In life, we often arrange complicated, tailor-made services to suit our preferences and needs. Home renovations, travel, or weddings come to mind. We spend time designing what we want with architects, travel agents, and wedding planners. Often these agents act with and for us to arrange services to suit us.
A contract is negotiated, prices are agreed, the services are monitored as they are delivered and adjusted if need be. We want those delivering the service to be responsive to what we want, help us to solve problems, and value their relationship with us. Ultimately, if things go wrong, we can refuse to pay unless problems are fixed. But mostly, builders, hotels, and wedding venues value their reputation and work hard to avoid this happening. They know word-of-mouth referrals and comments on comparison websites can have a big impact – positive or negative – on their future business.
When it comes to planning an event like a wedding, we expect a tailor-made service.
This is nothing like what happens when older Australians need aged care services. In aged care, our needs are opaquely and bureaucratically assessed by remote bureaucrats in something called an Aged Care Assessment Team. Then the government hands out a predetermined amount of money to the service providers based on that assessment, and, like Procrustes’ bed, we have to fit the services that are available. We get what we are given.
We do not design a tailor-made plan to meet our preferences. Nor do we have individual agreements and contracts that specify what we are getting so we can hold service providers to their obligations. We do not have agents working with us to negotiate services or solve problems. When things go wrong we can’t withhold payment. Instead we have to complain through a cumbersome, slow, and distant bureaucracy.
The service providers hold all the cards. The aged care royal commission has highlighted how that can lead to truly disgracefully bad outcomes for older people. But not enough has been made of the banal, everyday lack of responsiveness to individual preferences, goals, and desires. Even in ‘good’ residential care homes, the physical environment, meals, social and personal relationships, and recreational activities are highly institutionalised. Not surprisingly, almost no one wants to go there.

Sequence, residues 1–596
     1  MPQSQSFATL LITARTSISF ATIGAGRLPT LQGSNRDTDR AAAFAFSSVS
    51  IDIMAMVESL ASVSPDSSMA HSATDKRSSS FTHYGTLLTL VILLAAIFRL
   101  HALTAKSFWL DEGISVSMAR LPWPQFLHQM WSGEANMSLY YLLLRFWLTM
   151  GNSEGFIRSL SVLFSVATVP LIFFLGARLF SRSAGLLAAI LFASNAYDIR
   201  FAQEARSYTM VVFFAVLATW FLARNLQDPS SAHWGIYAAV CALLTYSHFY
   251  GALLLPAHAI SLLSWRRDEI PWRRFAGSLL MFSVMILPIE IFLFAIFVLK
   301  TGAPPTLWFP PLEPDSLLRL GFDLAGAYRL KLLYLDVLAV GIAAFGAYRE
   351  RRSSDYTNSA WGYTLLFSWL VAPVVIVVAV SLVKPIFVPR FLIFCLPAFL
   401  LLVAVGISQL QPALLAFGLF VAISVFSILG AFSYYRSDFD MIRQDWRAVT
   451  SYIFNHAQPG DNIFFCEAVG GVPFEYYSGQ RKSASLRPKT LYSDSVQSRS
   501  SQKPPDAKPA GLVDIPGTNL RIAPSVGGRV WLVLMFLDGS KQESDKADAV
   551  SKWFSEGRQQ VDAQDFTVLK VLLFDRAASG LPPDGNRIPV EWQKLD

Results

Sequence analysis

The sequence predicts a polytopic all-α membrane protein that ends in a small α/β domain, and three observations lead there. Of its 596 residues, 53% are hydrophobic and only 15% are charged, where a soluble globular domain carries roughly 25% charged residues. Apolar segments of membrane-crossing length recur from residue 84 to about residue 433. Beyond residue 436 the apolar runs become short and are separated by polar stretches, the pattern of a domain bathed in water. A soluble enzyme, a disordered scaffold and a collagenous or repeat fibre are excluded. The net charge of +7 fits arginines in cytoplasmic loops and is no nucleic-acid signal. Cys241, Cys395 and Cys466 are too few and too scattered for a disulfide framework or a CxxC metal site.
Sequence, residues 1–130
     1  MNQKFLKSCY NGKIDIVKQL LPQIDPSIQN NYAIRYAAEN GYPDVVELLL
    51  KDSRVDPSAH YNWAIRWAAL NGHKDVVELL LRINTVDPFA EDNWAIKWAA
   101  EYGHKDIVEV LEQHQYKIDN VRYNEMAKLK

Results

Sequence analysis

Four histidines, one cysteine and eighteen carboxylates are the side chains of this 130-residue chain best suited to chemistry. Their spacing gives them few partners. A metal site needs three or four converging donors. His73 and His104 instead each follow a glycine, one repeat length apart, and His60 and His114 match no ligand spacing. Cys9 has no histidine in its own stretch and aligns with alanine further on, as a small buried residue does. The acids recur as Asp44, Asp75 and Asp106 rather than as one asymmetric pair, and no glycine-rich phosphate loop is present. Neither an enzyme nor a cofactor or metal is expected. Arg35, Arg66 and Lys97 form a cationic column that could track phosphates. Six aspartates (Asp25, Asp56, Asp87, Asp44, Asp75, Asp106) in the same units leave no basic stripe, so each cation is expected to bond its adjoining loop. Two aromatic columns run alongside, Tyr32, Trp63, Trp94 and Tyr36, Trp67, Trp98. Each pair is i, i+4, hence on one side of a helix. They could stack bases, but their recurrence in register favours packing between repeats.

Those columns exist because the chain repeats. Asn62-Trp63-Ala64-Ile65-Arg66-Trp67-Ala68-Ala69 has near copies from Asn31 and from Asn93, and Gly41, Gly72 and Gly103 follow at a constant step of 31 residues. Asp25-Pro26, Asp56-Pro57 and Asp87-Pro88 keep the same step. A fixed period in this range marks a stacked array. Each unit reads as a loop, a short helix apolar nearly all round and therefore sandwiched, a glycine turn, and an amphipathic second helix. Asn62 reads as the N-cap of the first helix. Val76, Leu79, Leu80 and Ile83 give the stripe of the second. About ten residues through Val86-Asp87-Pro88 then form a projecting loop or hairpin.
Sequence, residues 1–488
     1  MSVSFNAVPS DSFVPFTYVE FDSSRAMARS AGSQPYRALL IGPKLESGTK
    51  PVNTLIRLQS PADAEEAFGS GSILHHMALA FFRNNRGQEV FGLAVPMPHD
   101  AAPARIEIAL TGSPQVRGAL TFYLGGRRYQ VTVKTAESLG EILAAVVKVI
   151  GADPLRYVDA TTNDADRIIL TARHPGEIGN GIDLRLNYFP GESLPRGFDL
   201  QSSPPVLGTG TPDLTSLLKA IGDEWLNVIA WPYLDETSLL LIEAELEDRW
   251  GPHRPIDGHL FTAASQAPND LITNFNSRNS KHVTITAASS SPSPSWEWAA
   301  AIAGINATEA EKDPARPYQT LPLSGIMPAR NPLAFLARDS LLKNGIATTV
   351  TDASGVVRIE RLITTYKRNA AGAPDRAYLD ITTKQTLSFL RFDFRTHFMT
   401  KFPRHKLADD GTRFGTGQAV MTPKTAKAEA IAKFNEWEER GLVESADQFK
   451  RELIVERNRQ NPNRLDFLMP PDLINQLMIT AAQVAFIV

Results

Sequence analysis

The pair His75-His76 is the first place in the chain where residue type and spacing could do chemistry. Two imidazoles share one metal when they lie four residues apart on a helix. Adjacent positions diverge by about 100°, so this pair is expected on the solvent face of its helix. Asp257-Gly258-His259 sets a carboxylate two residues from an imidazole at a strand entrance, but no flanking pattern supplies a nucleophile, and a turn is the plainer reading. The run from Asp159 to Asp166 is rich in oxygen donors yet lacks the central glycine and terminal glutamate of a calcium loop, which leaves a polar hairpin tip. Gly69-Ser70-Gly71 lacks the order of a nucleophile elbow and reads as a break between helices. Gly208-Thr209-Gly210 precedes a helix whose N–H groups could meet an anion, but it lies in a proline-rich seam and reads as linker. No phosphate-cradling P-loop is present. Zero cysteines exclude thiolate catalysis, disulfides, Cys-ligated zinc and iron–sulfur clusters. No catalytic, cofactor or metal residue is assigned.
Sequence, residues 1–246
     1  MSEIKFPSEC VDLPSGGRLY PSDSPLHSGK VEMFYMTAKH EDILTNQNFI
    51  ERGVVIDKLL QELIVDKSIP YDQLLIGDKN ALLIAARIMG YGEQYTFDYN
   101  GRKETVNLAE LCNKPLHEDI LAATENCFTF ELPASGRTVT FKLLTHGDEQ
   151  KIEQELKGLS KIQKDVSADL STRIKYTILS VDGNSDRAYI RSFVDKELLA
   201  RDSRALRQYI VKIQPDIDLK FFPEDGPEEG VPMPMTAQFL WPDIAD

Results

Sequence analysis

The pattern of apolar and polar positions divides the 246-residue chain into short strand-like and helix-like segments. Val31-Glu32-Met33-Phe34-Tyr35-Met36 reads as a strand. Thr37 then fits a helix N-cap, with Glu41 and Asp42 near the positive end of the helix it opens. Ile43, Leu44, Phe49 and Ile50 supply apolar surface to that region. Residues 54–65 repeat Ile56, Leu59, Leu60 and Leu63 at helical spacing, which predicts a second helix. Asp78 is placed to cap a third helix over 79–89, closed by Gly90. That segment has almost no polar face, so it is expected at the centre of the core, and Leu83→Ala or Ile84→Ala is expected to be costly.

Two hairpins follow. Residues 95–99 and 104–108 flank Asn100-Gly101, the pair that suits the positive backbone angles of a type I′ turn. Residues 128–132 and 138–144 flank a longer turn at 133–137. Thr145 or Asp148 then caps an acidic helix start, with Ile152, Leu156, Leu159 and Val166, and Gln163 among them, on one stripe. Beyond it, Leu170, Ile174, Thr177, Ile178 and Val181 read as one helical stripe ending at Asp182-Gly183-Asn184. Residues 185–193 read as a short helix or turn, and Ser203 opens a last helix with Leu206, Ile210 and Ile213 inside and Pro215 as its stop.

Even in ‘good’ residential care homes, the physical environment, meals and recreational activities are highly institutionalised.Credit:Getty
A one-size-fits-all, take-it-or-leave-it approach is no longer acceptable in any other service area. It should no longer be acceptable for the systems which support older Australians.
The whole aged care system needs to be transformed from one where the legislation is about central control – of how many places, who provides care, and where – to one which is about responding to each individual’s preferences and needs. In a recently released Grattan Institute report, we call this a ‘rights-based’ approach.
The negotiation and delivery of an individual agreement between an older person who wants care and support and those providing services should be central to aged care. Like other contracts, agreements should specify the services that are going to be provided, the payments for these services, and what will happen if obligations are not met.
Unfortunately, aged care funding design has been more focused on managing the cost of care for government and service providers, than making sure older people get the services they need. Funding should be tied to individual agreements.
This is not to say that the cost of care doesn’t matter. The community is paying for aged care and has a right to expect that services provided are reasonable and necessary. Nor should providers be able to charge whatever they like for services. There should be checks and balances to monitor the individual service agreements that are negotiated, and there should be fair and efficient price schedules for services. Providers should be more accountable for quality too.
It is also true that older people are not always able to design and negotiate individual service agreements when they develop disabilities and impairments. Then they should have access to agents who can act on their behalf to design and negotiate the service plan, select providers, and monitor services so they get what they need and want, whether those services are provided in their home or in supported accommodation.
Fundamentally, it is difficult to see the aged care system meet its promise to older people unless individual agreements for the delivery of care are more like what we expect for other complex services and projects in our lives.
The royal commission on aged care has uncovered terrible stories about what is happening to older Australians. More money is necessary but is not sufficient. We need to redesign the aged care system from the ground up, with the rights of older Australians paramount.
Hal Swerissen and Stephen Duckett are with the Health Program at Grattan Institute.
Most Viewed in National
Source: Read Full Article